This Attention Deficit Hyperactivity Disorder (“ADHD”) profile was created by combining stories of life experiences, lived by a number of individuals who have battled this condition. We hope you or your loved one find peace in identifying with any/all of these symptoms, because it will show you that you are far from alone. In fact, after reading these profiles, feel free to check out the #SameHere Stories of Everyday Heroes as well as Celebrities, all of whom have faced their own mental health hurdles, showing that life challenges do not discriminate.
Some Common Symptoms: Inability to keep focus or stay attentive, easily distracted, getting bored often, hyperactivity (especially in children), doing things in an impulsive nature/not considering the consequences, easily losing objects (like toys or keys), hard to follow/process simple directions, fidgeting (like touching everything in someone else’s room), lack of patience in waiting for a turn.
Ellie grew up in a suburb of Philadelphia in a very family-friendly community. She was the youngest of four, and the only girl in the family besides her mother. From the time she was in college, herself, her mother was a chain smoker. She managed to quit for each of her three prior pregnancies, only to turn back to her habit that helped soothe her anxious feelings. This pattern made it particularly hard to quit when she was pregnant with Ellie. She admitted that for the first trimester of that pregnancy, she did sneak in a few cigarettes a day, until she finally quit for good after watching a very scary documentary about the effects of long-term tobacco use.
At a young age, Ellie’s parents were aware that they had a very social little girl on their hands. They also noticed she was easily agitated and over-reacted often. Her pediatrician labeled her as strong-willed and told her parents not to give in to her all the time. That was easier said than done. Ellie’s brothers loved their little sister unconditionally but she mostly acted in an unappreciative manner in response to their adoration. They were so much older then she was, so they were out of the house well before she became a teenager.
Ellie’s room was always a mess and her belongings were always disorganized. Her parents doted on her, being the youngest girl, and bought her all of the latest and greatest toys and gadgets. No matter how much she wanted to take care of her things, she just couldn’t remember to put them away in a safe place, where they couldn’t be stepped on or damaged. She would easily get bored with one toy and move on to another without putting away the first. She was often labeled lazy or rude when she didn’t respond the way her family thought she should, but she just wasn’t good at conversing in such a linear and focused way.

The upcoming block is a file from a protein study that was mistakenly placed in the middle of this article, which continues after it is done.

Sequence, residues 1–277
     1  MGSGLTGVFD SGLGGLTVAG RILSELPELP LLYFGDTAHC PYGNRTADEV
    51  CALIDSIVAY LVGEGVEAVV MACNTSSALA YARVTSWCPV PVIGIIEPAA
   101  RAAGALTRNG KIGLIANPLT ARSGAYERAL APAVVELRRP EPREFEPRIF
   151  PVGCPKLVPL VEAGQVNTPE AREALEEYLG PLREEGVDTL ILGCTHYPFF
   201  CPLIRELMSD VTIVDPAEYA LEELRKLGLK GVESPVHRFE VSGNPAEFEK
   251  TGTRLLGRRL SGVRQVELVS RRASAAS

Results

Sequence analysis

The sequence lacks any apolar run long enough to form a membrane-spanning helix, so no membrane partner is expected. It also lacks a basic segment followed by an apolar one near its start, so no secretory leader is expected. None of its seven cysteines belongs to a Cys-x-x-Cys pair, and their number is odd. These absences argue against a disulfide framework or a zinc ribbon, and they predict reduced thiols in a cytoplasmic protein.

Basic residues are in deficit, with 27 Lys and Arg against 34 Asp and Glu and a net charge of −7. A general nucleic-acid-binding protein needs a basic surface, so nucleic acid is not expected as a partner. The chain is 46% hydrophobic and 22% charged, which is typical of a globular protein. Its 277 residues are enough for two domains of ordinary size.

High school was both great and tough for Ellie at the same time. She liked the social aspect and excelled at calling friends together for parties and events at school. When planning activities she liked, she could literally talk for hours on end, filled with ideas that seemed to connect to one another.
Class was hit or miss. If she was interested in the topic that day she excelled in class. If the topic or subject didn’t interest her, she zoned out, daydreaming of traveling, or mulling over what some mean girl had said to her at lunch. In her seat in classes, teachers and even friends would comment about how she fidgeted, often tapping her knee without end.
She started experimenting with drugs her senior year and soon realized that she felt like she was “good at everything” when she was high on speed. Speed made everything fun and interesting. It could help her remain focused on just about anything for hours. She passed High School with decent grades, and half of her teachers loved her while the other half labeled her as lazy, working below her potential, and even a distraction to others at times.
Ellie went on to community college and worked as a waitress through most of her time as a student. She excelled at sports so she played on her school’s soccer team. As one of the team’s best players, she hated being taken out of games at any point. She blamed her frustration on her highly competitive attitude and always wanting to contribute to the team’s success. She noticed that when she exercised daily at practice, she could focus better in her college classes…especially the boring ones.